UNCG Campus Weekly

Campus Weekly is published each Wednesday when classes are in session. In the summer, it is published biweekly.

Eyewitness to rise of Nazi Germany will speak March 3 at UNCG

Photo of a May 10, 1933, Berlin book burning, collection of U.S. National ArchivesAs a boy, Alfred Schnog lived as part of a Jewish family as the Nazi state rose to power. On Kristallnacht, the nationwide German pogrom in November 1938 that is often identified as the official beginning of the Holocaust, he saw the destruction firsthand. In Cologne, Germany he watched Nazi thugs destroy and loot Jewish businesses, then saw his own synagogue burned down. The next evening, he made a dramatic escape with his mother and twin brother.

His inspirational story of success as an immigrant also highlights the adaptation processes faced by all displaced people. On Tuesday, March 3, Schnog, who lives in the Wilmington area, will speak about how National Socialism and other extremism gain momentum, applying his observations to current national and worldwide events.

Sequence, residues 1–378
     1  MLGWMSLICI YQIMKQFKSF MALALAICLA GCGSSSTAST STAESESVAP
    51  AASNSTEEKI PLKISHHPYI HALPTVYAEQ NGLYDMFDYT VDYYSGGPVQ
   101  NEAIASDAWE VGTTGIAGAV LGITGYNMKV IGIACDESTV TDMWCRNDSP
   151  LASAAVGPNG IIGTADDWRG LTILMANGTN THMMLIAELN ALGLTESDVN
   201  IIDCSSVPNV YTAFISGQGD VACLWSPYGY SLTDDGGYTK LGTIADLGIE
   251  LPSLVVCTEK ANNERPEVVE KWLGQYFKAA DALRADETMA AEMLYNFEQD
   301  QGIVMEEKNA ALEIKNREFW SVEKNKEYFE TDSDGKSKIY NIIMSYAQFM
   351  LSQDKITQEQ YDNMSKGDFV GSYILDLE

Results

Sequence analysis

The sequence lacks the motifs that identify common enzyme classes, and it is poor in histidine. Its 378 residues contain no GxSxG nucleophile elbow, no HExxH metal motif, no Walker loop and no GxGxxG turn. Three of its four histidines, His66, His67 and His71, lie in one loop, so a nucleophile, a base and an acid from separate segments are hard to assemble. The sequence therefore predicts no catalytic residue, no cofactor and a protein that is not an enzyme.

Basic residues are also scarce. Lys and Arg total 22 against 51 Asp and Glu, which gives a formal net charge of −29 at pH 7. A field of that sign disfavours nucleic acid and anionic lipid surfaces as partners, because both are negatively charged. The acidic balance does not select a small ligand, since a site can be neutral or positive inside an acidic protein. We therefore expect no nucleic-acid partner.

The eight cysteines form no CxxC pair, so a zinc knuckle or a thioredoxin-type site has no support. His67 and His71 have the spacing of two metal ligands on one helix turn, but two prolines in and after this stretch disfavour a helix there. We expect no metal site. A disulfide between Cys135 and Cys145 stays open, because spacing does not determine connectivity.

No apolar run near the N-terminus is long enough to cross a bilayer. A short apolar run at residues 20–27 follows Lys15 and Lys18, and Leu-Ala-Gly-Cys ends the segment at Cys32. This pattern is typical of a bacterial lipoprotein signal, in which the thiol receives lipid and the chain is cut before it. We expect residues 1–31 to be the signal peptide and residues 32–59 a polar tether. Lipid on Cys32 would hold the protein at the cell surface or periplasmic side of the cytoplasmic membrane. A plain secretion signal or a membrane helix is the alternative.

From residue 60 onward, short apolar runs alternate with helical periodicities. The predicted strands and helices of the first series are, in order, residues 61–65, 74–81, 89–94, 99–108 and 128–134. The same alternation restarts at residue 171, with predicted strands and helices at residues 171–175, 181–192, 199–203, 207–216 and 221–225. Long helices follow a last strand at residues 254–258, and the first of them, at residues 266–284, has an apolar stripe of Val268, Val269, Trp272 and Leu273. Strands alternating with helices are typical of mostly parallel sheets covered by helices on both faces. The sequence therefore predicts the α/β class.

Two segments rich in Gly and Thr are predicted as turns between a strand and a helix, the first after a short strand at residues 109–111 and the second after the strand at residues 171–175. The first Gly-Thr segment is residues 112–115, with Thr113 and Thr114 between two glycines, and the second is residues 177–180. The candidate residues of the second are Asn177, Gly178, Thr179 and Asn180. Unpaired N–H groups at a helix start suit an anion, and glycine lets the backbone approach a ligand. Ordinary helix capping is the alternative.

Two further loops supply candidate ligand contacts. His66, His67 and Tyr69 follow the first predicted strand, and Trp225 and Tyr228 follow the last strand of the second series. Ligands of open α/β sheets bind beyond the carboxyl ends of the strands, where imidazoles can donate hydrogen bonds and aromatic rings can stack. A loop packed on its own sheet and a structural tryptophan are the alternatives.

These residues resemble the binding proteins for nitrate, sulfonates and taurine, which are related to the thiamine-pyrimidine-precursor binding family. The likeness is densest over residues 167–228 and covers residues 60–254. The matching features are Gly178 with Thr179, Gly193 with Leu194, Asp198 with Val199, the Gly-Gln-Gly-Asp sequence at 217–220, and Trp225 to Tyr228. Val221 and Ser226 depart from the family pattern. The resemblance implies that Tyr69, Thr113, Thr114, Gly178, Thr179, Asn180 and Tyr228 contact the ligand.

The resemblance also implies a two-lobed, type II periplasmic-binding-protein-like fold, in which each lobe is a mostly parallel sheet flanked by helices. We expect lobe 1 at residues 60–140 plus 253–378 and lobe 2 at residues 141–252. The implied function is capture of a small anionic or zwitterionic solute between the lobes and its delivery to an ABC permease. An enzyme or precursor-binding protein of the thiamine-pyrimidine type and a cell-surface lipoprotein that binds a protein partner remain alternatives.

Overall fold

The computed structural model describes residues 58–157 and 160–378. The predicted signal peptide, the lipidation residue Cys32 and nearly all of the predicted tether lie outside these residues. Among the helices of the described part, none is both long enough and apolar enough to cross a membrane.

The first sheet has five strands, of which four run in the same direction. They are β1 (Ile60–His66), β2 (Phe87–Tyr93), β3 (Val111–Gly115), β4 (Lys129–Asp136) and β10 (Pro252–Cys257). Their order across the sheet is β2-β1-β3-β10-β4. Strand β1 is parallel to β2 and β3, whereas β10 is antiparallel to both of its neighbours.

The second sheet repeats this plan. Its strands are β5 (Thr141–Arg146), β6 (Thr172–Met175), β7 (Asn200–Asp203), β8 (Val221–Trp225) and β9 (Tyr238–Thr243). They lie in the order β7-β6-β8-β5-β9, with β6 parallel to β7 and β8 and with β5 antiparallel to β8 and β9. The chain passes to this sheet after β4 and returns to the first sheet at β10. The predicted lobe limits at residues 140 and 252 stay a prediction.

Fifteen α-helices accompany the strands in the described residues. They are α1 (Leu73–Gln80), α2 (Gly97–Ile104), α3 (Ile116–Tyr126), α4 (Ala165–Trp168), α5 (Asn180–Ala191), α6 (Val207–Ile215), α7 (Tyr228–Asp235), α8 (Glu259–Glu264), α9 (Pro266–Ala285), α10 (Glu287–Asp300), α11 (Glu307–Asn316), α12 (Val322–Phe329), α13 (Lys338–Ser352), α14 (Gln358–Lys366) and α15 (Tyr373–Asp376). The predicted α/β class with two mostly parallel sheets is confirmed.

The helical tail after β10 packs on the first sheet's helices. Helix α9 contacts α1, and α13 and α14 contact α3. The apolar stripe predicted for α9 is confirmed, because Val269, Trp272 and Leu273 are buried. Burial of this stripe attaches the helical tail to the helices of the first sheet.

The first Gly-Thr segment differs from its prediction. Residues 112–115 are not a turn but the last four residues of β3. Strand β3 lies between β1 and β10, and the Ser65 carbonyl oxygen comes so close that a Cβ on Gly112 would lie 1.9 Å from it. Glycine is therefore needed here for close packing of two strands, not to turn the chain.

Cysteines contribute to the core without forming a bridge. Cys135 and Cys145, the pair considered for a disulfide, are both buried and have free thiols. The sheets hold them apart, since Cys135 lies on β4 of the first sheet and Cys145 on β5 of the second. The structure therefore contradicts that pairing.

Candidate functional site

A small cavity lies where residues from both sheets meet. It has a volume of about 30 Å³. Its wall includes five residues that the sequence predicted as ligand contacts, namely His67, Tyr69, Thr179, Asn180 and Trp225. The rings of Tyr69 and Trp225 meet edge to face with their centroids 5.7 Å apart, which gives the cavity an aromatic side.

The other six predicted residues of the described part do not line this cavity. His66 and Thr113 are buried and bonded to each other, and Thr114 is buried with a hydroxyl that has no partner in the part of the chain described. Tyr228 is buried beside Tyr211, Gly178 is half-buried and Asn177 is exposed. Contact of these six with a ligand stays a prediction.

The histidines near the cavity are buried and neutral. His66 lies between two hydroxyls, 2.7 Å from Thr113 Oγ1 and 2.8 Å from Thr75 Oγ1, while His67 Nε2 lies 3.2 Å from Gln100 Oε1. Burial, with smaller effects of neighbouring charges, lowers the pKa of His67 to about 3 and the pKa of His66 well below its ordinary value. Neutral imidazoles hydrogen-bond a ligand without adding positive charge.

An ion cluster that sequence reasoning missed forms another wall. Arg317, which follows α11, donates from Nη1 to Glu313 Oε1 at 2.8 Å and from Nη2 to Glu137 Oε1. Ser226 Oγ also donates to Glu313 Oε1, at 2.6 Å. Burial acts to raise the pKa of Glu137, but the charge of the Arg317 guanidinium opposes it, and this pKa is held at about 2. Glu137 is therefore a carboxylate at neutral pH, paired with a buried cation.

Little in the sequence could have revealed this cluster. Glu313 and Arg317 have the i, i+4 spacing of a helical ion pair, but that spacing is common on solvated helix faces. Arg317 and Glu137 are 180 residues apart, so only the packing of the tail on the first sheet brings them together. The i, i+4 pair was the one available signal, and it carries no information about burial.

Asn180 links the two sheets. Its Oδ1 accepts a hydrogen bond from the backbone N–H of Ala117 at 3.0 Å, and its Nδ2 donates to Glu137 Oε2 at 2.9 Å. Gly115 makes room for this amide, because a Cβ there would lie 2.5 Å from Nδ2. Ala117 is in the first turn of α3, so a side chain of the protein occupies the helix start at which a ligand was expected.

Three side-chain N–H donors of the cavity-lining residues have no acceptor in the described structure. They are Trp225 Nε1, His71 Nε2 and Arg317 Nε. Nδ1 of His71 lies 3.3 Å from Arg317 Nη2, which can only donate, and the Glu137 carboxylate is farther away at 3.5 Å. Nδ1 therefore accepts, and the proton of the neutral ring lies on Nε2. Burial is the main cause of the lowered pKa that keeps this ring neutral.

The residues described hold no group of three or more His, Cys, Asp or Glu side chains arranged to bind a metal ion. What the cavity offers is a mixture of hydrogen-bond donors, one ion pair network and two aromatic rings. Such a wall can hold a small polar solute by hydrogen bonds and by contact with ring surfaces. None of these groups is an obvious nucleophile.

4 p.m. – “The Holocaust and Genocides Worldwide: What Have We Learned?” – A panel discussion in Curry Building, Room 225
Featuring Alfred Schnog (Kristallnacht eyewitness) and the UNCG Holocaust & Genocide Studies Network (Dr. Roy Schwartzman, Communication Studies; Dr. Emily Levine, History; Dr. Susanne Rinner, German Studies; Prof. Lynda Kellam, University Libraries/Political Science

Reception will  immediately follow in Curry 231

7 p.m. – “Prelude to Genocide” presentation by Alfred Schnog – Curry Building, Room 225

The events are sponsored by a Kohler Fund grant from the UNCG International Programs Center.

Visual: May 10, 1933, Berlin book burning, collection of U.S. National Archives